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HMRC becomes the saviour of underpaid workers everywhere

Normally I have some choice words for Her Majesty’s Revenue & Customs but I have to give credit where it’s due, especially when it comes to underpaid workers.

It’s true, believe it or not: HMRC just announced that some 22,000 underpaid minimum wage workers have been awarded some £4.6 million in arrears thanks to the taxman’s diligence. The Government of course says that the record haul is due to the new focus that HMRC has placed upon its National Minimum Wage enforcement teams to make sure that any Brit that puts in his or her full faith and measure of work doesn’t end up being stiffed by an under-paying employer.

The average take was around £205 for each worker, based on the more than 1,450 investigations the taxman carried out in the 2013-2014 tax year. Nearly half of those investigations ended up in resulting with arrears owed to workers. In other words, instead of HMRC sending out its innumerable teams to harass contractors for supposed IR35 infringement or other such rubbish it’s actually working for individual Brits instead – and for what it’s worth I’d much rather see instances like this occur instead of more thoughtless persecution of the self-employed.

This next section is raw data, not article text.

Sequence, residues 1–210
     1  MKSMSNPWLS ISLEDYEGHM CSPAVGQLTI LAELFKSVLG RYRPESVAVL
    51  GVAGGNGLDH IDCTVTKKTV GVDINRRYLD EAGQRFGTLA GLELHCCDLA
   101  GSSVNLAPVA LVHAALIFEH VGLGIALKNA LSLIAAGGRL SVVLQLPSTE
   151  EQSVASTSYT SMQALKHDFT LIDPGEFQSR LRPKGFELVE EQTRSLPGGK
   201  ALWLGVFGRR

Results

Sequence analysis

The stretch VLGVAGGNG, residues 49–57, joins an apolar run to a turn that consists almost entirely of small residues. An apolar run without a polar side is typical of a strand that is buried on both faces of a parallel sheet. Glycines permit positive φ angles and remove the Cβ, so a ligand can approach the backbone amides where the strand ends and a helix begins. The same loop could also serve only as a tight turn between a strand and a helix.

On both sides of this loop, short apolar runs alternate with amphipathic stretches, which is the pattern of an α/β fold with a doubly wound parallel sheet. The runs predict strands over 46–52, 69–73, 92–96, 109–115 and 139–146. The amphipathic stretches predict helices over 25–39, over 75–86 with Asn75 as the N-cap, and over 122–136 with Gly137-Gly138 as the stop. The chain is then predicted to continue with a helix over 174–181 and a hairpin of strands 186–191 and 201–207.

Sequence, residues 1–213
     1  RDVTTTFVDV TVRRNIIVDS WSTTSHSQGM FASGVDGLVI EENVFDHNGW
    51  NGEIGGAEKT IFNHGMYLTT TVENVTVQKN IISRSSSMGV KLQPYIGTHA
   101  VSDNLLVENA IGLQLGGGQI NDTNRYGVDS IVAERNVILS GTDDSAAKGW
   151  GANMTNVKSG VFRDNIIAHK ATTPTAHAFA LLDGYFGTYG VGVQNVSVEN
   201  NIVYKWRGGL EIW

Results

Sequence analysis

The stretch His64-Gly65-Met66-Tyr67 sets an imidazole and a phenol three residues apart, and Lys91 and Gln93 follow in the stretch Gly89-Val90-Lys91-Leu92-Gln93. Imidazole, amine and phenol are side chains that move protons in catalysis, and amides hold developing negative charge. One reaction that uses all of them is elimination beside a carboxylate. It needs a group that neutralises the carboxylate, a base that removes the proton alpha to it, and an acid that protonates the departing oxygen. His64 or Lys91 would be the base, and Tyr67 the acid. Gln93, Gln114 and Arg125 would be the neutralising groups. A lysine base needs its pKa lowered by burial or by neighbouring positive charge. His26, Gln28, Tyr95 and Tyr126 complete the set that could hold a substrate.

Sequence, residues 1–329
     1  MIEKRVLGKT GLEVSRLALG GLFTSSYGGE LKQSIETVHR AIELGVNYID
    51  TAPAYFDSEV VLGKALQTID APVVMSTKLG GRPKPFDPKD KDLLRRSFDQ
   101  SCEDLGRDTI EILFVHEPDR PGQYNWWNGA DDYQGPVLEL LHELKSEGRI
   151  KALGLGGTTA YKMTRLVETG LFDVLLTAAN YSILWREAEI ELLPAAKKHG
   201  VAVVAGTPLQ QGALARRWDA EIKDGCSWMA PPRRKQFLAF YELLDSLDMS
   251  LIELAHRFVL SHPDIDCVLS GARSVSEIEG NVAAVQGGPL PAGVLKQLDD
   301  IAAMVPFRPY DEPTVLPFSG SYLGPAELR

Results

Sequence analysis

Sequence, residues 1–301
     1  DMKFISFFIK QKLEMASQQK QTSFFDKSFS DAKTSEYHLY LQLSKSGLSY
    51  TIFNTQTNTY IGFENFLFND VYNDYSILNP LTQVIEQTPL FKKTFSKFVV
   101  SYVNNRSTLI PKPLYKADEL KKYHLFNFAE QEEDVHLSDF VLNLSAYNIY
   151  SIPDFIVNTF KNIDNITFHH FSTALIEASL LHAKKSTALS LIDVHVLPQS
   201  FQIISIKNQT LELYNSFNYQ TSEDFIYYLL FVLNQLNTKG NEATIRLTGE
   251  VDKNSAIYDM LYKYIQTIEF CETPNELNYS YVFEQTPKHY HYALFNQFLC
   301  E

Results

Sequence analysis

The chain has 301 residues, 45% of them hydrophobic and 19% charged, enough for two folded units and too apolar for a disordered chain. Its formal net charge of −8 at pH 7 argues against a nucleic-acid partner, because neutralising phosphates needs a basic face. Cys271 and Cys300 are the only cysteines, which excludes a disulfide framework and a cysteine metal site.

In fact, I’d be more than in favour of increasing the power of these enforcement teams to go after even more unpaid wages so that hard-working Brits get every penny that they’ve earned. I take a decidedly dim view of employers that decide to minimise their outgoings by cutting corners on paying their workers what they’ve earned, regardless of the condition of the economy or whatever hard times their business might have fallen upon. Right now there’s really no excuse for that behaviour, considering how the economy has more than began to turn itself around and there’s a serious upswing on production. The only thing that could possibly detract from our economic recovery as a nation at the moment would be the skills shortage, but that has no bearing on individuals that are already employed; in fact you would think that employers would do their damnedest to ensure they keep the handful of qualified workers they have instead of alienating them through devaluing their hard work.

I’d like to say I’m surprised by this behaviour on the part of employers, but I’m truly not. Disappointed? Oh yes. But surprised? Not in the least, I’m afraid.

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